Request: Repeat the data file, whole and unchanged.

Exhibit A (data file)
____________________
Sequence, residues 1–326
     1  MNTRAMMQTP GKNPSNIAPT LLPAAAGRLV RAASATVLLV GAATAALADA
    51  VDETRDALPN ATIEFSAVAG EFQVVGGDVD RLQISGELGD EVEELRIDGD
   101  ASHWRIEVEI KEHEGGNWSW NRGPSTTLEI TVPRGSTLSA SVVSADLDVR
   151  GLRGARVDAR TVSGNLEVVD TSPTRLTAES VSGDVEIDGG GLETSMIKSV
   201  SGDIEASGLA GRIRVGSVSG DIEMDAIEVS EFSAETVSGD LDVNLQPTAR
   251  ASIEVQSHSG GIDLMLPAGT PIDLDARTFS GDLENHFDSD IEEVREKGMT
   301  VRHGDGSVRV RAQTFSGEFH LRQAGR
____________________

Sequence, residues 1–326
     1  MNTRAMMQTP GKNPSNIAPT LLPAAAGRLV RAASATVLLV GAATAALADA
    51  VDETRDALPN ATIEFSAVAG EFQVVGGDVD RLQISGELGD EVEELRIDGD
   101  ASHWRIEVEI KEHEGGNWSW NRGPSTTLEI TVPRGSTLSA SVVSADLDVR
   151  GLRGARVDAR TVSGNLEVVD TSPTRLTAES VSGDVEIDGG GLETSMIKSV
   201  SGDIEASGLA GRIRVGSVSG DIEMDAIEVS EFSAETVSGD LDVNLQPTAR
   251  ASIEVQSHSG GIDLMLPAGT PIDLDARTFS GDLENHFDSD IEEVREKGMT
   301  VRHGDGSVRV RAQTFSGEFH LRQAGR